It can be tempting to look at the people who wear the same combination of clothes every day — I’m looking at you Steve Jobs, Mark Zuckerberg and Elizabeth Holmes — and conclude that they’re out of their minds.
But a capsule wardrobe — “a wardrobe that’s designed to minimize the number of clothes you wear while simultaneously maximizing the number of outfits you can wear with them,” per a subscriber of the Male Fashion Advice subreddit (MFA) — doesn’t have to be robotic. If anything — and if you know what you’re doing — it can be liberating. And it’s definitely what you make of it. You’re in charge, and you set the rules. It can consist of five pieces or 50. It can be forever, or just for a trip abroad or as you’re attempting to figure out a new style.
For real-world capsule-wardrobe tips — read: not the stylings of tech tycoons — I turned to a group of very normal men for lessons on how they made such a limited collection of clothing work for them.
Surrender to the Fact That Social Gatherings Can Be Difficult
If you choose to keep your capsule wardrobe uber minimalistic — around 10 pieces including shoes — you will inevitably feel overdressed for some occasions, and underdressed for others. “One problem with having extremely versatile clothes is that, while I felt like I fit in everywhere, I never felt like I was ideally dressed,” an MFA commenter (and former capsule-wardrobe adherent) writes. “There were plenty of times where I would have preferred to be wearing jeans instead of chinos, and the same went for more formal events where I wished I had a blazer to wear.”
Lay a (Color) Base
The first thing to do when crafting a capsule wardrobe is to determine the base color scheme, which influences everything you decide to include in it. “The longer you plan to use the capsule wardrobe, the more conservative the base colors need to be,” another MFAer tells me. Essentially, a lime-green or neon color scheme isn’t gonna provide enough flexibility.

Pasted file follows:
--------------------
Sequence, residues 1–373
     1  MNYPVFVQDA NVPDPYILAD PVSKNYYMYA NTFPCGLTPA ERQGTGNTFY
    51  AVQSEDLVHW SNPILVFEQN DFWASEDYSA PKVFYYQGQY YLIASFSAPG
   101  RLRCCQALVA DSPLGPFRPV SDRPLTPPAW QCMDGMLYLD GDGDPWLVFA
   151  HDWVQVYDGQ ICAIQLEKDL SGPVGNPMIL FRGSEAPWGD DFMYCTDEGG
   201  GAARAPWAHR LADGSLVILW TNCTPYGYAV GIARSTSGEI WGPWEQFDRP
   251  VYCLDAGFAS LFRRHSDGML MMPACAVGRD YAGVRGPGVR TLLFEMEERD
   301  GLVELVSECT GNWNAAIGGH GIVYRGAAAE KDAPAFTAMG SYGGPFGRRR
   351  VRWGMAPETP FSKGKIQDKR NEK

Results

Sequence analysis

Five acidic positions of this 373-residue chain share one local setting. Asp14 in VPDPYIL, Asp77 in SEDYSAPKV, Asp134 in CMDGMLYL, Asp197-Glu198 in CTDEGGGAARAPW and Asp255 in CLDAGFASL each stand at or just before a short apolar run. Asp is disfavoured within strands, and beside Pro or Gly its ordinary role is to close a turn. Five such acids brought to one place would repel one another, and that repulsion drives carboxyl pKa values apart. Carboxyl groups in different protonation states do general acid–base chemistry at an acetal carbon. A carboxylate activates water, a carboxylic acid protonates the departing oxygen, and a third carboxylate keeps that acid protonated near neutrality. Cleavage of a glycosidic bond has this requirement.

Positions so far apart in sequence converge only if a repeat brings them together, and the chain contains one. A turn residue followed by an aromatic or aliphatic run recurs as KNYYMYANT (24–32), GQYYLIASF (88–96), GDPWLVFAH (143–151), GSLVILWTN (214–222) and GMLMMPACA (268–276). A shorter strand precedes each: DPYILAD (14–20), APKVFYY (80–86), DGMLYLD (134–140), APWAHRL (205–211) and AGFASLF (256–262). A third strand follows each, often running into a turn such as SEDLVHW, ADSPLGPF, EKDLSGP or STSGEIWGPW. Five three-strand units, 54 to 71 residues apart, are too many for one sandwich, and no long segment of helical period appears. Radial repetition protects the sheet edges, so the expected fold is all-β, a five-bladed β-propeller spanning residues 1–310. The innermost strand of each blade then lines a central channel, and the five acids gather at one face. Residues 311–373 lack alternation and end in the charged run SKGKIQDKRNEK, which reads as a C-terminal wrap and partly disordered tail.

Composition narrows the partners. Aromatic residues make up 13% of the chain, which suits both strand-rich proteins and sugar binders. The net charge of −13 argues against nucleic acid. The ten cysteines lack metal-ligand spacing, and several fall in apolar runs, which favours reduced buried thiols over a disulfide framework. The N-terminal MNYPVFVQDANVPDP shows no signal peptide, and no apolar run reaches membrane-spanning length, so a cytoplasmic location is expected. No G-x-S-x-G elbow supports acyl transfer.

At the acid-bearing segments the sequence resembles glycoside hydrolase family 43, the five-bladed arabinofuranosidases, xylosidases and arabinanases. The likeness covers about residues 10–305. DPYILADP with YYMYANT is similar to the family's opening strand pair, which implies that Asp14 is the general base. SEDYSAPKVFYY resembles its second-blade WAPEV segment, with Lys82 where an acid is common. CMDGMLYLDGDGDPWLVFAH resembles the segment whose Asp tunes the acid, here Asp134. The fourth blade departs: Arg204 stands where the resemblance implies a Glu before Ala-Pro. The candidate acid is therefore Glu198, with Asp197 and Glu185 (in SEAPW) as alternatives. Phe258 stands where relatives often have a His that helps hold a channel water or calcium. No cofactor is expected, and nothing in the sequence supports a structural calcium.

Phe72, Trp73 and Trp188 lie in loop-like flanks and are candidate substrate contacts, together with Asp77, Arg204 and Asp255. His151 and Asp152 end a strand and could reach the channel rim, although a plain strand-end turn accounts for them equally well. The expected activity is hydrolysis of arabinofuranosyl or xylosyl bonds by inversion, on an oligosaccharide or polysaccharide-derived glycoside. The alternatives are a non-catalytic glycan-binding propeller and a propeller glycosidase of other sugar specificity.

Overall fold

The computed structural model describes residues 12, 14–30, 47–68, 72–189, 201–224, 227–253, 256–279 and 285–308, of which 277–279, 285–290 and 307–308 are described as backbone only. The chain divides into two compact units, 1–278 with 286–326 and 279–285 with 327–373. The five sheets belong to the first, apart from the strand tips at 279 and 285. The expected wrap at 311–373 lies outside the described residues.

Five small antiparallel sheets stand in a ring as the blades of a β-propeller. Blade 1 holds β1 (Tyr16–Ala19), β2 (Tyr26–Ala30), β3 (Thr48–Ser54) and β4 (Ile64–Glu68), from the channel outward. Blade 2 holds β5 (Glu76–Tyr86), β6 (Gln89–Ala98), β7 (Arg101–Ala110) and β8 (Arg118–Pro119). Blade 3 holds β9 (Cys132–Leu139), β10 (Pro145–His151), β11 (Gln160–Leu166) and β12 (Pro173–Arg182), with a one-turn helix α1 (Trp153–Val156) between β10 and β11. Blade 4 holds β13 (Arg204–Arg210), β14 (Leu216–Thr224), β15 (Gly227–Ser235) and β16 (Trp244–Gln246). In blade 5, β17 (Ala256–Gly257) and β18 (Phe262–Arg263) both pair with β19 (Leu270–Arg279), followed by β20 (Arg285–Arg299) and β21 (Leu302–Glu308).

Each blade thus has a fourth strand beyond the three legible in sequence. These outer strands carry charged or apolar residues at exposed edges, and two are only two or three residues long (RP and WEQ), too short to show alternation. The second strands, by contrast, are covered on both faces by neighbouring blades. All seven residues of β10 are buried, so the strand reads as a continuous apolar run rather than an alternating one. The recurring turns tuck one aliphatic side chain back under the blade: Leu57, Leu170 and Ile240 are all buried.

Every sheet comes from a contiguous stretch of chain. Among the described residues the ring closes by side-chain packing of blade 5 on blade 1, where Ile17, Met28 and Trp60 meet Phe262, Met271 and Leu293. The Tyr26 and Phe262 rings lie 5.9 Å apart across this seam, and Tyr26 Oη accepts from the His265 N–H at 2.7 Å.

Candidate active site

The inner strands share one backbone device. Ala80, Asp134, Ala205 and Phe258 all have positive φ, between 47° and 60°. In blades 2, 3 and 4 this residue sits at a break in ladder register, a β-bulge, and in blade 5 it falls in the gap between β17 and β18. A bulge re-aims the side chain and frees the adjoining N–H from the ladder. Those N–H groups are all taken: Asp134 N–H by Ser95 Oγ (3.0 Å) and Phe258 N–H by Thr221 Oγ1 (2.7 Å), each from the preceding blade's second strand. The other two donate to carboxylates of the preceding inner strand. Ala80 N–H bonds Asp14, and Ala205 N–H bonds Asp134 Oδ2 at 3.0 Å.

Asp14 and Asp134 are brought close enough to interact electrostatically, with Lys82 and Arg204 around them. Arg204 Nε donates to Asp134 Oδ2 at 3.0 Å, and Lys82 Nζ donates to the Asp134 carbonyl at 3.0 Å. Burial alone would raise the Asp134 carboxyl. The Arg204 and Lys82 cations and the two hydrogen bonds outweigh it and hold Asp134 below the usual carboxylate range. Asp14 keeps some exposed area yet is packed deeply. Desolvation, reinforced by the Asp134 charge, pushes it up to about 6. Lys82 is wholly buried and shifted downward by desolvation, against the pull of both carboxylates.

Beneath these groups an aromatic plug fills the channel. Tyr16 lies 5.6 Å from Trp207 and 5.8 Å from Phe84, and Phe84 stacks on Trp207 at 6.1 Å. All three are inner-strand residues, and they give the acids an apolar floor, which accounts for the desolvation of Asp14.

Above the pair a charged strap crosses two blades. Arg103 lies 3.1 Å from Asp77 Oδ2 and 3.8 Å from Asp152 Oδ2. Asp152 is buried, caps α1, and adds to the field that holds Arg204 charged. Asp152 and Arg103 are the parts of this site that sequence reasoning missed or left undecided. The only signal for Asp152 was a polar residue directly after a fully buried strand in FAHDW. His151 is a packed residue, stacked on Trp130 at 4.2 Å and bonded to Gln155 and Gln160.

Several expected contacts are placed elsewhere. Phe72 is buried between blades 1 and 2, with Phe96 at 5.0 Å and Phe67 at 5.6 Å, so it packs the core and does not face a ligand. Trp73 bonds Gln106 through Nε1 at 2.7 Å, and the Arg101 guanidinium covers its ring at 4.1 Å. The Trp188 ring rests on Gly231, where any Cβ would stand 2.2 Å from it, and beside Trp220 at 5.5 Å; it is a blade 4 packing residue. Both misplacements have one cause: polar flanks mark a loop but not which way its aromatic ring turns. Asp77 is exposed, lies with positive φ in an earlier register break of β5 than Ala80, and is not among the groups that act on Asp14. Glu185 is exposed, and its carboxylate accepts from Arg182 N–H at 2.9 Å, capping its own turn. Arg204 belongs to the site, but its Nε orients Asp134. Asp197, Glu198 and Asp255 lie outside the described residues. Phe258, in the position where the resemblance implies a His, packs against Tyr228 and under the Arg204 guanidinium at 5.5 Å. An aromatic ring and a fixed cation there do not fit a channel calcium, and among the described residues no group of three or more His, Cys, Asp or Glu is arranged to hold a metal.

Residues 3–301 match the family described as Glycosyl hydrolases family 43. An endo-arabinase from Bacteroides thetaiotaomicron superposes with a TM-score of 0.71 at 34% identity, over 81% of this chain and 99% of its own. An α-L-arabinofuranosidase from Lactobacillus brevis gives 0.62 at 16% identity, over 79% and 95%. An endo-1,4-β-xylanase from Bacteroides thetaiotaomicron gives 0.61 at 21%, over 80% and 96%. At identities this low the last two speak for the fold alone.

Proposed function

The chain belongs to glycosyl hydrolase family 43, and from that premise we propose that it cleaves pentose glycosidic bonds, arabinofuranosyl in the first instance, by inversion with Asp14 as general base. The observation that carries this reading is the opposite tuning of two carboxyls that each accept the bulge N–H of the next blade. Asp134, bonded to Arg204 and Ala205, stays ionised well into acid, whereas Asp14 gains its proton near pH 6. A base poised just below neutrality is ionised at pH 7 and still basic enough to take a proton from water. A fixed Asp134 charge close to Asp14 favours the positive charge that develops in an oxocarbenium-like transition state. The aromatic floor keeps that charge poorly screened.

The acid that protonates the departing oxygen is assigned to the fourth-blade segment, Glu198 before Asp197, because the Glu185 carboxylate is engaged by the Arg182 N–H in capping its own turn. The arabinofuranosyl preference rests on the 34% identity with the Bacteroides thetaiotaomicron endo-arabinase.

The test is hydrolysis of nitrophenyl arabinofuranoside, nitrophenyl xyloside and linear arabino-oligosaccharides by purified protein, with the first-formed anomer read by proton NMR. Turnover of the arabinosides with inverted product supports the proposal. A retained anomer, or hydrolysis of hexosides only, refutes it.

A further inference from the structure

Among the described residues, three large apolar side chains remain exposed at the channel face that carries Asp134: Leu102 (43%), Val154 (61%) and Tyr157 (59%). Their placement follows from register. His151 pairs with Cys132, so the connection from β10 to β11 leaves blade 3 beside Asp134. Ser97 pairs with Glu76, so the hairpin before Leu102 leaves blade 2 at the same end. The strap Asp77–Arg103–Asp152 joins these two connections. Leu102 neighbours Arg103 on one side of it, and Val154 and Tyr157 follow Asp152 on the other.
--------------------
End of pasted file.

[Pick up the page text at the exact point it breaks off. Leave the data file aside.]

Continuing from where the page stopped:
Furthermore, the MFAer adds, “Don’t worry if you end up picking a conservative color scheme. You aren’t doomed to be boring.” For maximum usage, he recommends sticking with the most common conservative colors: navy, tan, gray, black or white. “I recommend choosing two of these five colors as they’re easy to find at mid-tier and higher stores, which is where most of your long-lasting clothes begin to appear,” he continues.
Double Down on Pants
If you’re gonna go heavy on any part of your capsule wardrobe, make it pants. It can really make life easier. An MFAer who recently put together a winter capsule for a three-month stint in Italy writes that, looking back, an emphasis on pants “definitely helped to keep things interesting, while also not requiring much in the weight/volume department re: luggage!”
In terms of the exact types, his capsule included olive green khakis for versatility, wool sweatpants for “sports luxe” fits and black velvet corduroy trousers. “These were the workhorse pants that replaced jeans for me,” he explains.
All Hail the Henley
As for shirts, a different MFA subscriber thought long and hard about whether to go with henleys or V-necks. Ultimately, he tells me, “I decided that Henleys were more versatile, but only if they were long-sleeved, thicker than an undershirt (not see-through) and cut correctly (not all Henleys are created equally).”
Not only did he find that the henley could be used with his polo shirts, button-downs and cardigans, but “the henleys I found were thick enough to be stand-alone pieces (no layering needed),” he adds. That said, they also worked under his polos and cardigans, and over his button-downs to create an array of textures.
The Big Picture with a Little Wardrobe
Interestingly, for the MFAer above, less options actually expanded his sartorial mind. “My style changed from a prep/workwear look to liking casual streetwear without ever changing my clothes,” he explains. Little by little, he started making more considered purchases to accentuate (and build upon) this look. And so, after his capsule year was complete, he had an entirely new wardrobe awaiting him — his closet with totally new, if smaller, limits.